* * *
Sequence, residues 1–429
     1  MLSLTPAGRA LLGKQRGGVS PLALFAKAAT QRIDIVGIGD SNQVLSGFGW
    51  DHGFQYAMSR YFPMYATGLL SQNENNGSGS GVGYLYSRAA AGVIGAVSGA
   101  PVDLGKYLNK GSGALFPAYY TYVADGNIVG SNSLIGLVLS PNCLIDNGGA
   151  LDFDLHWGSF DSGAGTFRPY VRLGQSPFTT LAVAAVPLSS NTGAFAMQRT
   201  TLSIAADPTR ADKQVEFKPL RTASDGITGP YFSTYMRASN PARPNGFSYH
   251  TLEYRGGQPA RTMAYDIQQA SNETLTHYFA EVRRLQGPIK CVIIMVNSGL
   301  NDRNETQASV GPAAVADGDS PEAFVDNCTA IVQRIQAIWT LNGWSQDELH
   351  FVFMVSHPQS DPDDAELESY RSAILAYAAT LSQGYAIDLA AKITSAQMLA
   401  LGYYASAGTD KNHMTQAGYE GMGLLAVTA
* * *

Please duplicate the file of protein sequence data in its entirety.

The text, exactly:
Sequence, residues 1–429
     1  MLSLTPAGRA LLGKQRGGVS PLALFAKAAT QRIDIVGIGD SNQVLSGFGW
    51  DHGFQYAMSR YFPMYATGLL SQNENNGSGS GVGYLYSRAA AGVIGAVSGA
   101  PVDLGKYLNK GSGALFPAYY TYVADGNIVG SNSLIGLVLS PNCLIDNGGA
   151  LDFDLHWGSF DSGAGTFRPY VRLGQSPFTT LAVAAVPLSS NTGAFAMQRT
   201  TLSIAADPTR ADKQVEFKPL RTASDGITGP YFSTYMRASN PARPNGFSYH
   251  TLEYRGGQPA RTMAYDIQQA SNETLTHYFA EVRRLQGPIK CVIIMVNSGL
   301  NDRNETQASV GPAAVADGDS PEAFVDNCTA IVQRIQAIWT LNGWSQDELH
   351  FVFMVSHPQS DPDDAELESY RSAILAYAAT LSQGYAIDLA AKITSAQMLA
   401  LGYYASAGTD KNHMTQAGYE GMGLLAVTA